Many of the best known motivators in the world often share a similar message with their audience. “You can have anything you want in your life if you are willing to pay the price.” I have reflected on this thought for many years and in fact have used it many times in setting goals for my life. I have often asked myself what “paying the price” really means.
I used to think it meant out-working or out-studying everyone else. I thought it meant working longer hours, making one more call, working weekends, work, work, and more work. Does this method payoff? Absolutely! If your goal in life is to be the greatest worker in the world, then yes that method works. Like many other people, I bought into this lie of the “good life” and justified my actions by kidding myself into believing I was doing this for my family. The reality was I was doing it for myself. The exhilaration of the competition in business was intoxicating. Climbing that corporate ladder provided the same thrills as winning the Friday night football game in high school.
As you travel down the road of life though, significant events occur that change your perspective and your priorities. You discover two basic truths in life … “money doesn’t buy happiness” and “the best things in life are free.” What price would you pay to hold your newborn child in your arms for the first time? Or to experience the rapture of that first date with the love of your life? To see your aging and ailing parents young and vibrant for just one more day? To experience a gentle peace in your life that passes all understanding? You can’t buy any of these things and you can’t out-work someone else to get them. They are all part of the precious gift of life.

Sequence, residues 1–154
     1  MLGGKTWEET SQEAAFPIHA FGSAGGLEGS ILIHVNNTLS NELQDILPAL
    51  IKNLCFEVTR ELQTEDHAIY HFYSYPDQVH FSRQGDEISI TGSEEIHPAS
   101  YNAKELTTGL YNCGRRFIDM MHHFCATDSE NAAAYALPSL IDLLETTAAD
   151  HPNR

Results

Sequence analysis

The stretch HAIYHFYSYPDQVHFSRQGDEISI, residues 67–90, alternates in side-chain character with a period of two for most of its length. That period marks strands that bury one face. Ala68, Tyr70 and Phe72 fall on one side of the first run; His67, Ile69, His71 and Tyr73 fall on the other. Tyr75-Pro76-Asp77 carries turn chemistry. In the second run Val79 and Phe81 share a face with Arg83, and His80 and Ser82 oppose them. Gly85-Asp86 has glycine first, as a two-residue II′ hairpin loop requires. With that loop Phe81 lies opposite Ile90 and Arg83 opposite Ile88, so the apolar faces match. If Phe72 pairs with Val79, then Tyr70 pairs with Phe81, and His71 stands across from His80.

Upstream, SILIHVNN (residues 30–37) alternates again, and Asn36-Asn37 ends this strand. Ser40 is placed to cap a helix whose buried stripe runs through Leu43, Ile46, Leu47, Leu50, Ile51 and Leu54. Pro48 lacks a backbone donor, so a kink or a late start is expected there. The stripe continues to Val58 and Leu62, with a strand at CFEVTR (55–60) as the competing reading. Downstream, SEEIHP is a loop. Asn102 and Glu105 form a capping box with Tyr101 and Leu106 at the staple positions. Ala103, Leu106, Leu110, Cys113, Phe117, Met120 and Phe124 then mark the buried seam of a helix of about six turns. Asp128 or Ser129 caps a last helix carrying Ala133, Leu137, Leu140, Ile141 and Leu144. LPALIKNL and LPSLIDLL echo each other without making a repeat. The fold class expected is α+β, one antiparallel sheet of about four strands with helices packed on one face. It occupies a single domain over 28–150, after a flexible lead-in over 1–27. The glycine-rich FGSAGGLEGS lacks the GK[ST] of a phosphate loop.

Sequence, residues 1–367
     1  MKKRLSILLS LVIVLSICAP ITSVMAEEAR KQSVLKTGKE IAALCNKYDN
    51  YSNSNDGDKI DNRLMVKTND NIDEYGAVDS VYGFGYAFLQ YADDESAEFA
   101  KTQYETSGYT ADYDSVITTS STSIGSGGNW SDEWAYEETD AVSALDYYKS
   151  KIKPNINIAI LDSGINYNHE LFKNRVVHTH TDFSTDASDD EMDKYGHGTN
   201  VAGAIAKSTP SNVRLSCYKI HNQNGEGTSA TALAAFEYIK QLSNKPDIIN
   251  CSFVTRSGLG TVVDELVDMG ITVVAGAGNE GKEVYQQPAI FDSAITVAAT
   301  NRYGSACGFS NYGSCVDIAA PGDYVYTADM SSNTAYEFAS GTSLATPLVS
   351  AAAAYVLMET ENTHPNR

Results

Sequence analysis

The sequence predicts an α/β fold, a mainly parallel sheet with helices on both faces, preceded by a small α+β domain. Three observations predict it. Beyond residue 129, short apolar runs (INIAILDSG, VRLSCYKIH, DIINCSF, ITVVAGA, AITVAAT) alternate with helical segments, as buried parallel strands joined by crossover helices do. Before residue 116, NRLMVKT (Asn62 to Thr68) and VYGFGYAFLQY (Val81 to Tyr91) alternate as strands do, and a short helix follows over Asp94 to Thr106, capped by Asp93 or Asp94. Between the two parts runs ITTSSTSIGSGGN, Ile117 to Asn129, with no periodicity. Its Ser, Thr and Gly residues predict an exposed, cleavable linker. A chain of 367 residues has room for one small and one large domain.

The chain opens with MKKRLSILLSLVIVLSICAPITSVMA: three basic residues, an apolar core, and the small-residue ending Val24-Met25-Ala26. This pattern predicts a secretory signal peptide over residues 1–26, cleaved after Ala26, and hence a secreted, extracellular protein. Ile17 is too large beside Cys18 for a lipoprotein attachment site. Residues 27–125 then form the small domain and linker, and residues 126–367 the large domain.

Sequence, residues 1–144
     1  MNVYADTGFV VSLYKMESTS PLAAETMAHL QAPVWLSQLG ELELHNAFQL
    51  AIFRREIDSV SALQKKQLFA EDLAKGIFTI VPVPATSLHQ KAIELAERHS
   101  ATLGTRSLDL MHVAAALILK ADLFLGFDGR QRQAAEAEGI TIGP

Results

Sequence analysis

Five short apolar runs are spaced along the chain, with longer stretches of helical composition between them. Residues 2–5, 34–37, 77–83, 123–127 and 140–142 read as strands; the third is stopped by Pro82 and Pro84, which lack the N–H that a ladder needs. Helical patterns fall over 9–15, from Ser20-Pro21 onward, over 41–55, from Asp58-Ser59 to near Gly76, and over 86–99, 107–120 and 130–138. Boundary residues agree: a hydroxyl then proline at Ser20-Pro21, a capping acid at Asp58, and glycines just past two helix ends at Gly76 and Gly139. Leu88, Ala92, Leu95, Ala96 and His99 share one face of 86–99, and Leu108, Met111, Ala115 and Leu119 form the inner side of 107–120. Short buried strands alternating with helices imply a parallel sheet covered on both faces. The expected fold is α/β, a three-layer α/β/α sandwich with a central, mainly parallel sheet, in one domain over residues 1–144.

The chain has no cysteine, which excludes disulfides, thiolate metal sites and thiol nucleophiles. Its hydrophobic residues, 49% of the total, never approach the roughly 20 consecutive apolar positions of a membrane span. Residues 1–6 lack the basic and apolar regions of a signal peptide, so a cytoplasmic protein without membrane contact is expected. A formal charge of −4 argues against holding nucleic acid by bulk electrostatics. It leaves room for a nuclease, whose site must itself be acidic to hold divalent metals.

The most valuable thing you can ever give to your family is you and your time. What is most important in your life? Where is your focus? Do you give your family the best time of your life or only what is left over after a long day at work? A good friend of mine shared the wisdom of the ages with me just before he died from cancer at the way too young age of 40. He said, “If I would have known this was going to happen, I would have spent less time playing golf and more time playing with my kids.” He learned too late that the “best things in life are free.” What price are you really willing to pay?